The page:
Commerce Secretary John Skvarla told a legislative panel Thursday that North Carolina needs to help small businesses find investment capital so they can grow, and one way to do that is to legalize crowdfunding.
“If we’re not going to help our small businesses, we can talk around these issues all day long,” Skvarla told members of an oversight committee that was examining the economic struggles of rural counties.
Since the 2008 recession, business investment capital has been hard to come by, especially in rural areas.
At least 29 other states have already approved crowd-funding as a way for start-up businesses to raise money, and Skvarla and the rest of Gov. Pat McCrory’s administration have been pushing for crowd-funding for several years.
The idea has never made it through the General Assembly, however. While the House has strongly supported the idea, the Senate has been more skeptical.
Senate Majority Leader Harry Brown said House and Senate leaders don’t see eye to eye on how to regulate crowd-funding.
“I think everybody understands the need. It’s just how do you provide it?” Brown said. “There’s some argument, but I think it’s starting to take shape a little bit. I think it’s going to get more conversation.”
The state pension fund is another source of investment money for businesses, Skvarla said, and he plans to talk with the State Treasurer’s Office next week about tapping the venture capital fund in the pension system.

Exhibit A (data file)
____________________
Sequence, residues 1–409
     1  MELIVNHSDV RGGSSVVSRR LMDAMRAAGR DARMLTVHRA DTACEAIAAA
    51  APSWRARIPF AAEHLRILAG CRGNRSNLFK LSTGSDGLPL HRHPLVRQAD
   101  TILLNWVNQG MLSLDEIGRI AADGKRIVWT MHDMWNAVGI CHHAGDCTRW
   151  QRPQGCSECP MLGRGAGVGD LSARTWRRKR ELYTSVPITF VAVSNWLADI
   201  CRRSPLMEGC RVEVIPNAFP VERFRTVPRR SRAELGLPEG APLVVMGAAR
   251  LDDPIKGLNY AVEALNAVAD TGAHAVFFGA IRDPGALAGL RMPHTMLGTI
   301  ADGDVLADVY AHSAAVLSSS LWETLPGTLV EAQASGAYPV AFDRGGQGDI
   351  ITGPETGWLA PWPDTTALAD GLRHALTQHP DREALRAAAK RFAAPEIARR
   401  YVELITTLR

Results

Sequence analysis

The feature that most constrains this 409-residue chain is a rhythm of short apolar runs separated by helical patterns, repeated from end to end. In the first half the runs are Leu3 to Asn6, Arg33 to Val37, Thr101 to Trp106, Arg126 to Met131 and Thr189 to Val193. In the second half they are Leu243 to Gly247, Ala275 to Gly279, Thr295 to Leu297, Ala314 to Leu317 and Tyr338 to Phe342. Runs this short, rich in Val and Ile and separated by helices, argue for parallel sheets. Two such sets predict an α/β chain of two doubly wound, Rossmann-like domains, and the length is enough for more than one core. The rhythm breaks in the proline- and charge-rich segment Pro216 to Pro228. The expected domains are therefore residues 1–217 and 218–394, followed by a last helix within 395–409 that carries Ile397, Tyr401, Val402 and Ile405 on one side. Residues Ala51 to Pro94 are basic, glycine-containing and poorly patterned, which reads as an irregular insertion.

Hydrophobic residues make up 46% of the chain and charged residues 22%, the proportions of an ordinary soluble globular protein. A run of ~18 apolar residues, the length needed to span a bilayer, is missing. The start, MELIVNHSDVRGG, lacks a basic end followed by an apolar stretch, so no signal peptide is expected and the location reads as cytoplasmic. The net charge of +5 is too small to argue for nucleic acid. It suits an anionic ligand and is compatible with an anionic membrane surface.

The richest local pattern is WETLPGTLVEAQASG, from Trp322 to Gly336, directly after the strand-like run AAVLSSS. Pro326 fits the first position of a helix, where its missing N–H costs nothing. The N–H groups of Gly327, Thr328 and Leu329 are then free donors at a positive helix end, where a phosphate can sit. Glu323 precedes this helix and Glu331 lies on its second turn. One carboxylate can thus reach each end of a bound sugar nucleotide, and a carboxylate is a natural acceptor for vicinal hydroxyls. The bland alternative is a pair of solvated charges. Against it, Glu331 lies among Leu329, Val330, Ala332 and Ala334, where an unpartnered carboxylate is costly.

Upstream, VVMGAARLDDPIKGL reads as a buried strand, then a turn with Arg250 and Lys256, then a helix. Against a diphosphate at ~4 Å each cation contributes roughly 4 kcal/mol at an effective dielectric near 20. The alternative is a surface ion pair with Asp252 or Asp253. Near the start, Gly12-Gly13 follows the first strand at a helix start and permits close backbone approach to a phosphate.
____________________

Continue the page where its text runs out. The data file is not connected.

“Everybody thinks in terms of venture capital as biotech or pharma, but what about the HVAC company in Anson County?” he said. “We can create a mechanism in North Carolina that will be unsurpassed in the United States.”
Skvarla also told lawmakers that rural counties won’t grow unless they have access to high-speed Internet.
“Without high-speed Internet connectivity in all of our counties, Murphy to Manteo, we are not going to create jobs. It’s a must,” he said.
The Commerce Department is working to find ways to use federal grant money to help expand broadband infrastructure into unserved areas, he said.
Such moves could trigger yet another skirmish among state lawmakers over government’s role in Internet access, however.
Critics of the idea, including cable companies and Internet providers, as well as free-market advocacy groups, say local and state governments should not compete with businesses that build and provide high-speed Internet access. But supporters of state involvement say providers aren’t likely to build high-speed networks in rural or low-income areas where they may not make a profit from their investment. Internet access is more of a utility than a service, they argue, and the state should make sure all communities have equal access to it.
Reporter: Laura Leslie
Photographer: Bill Herrero
Web Editor: Matthew Burns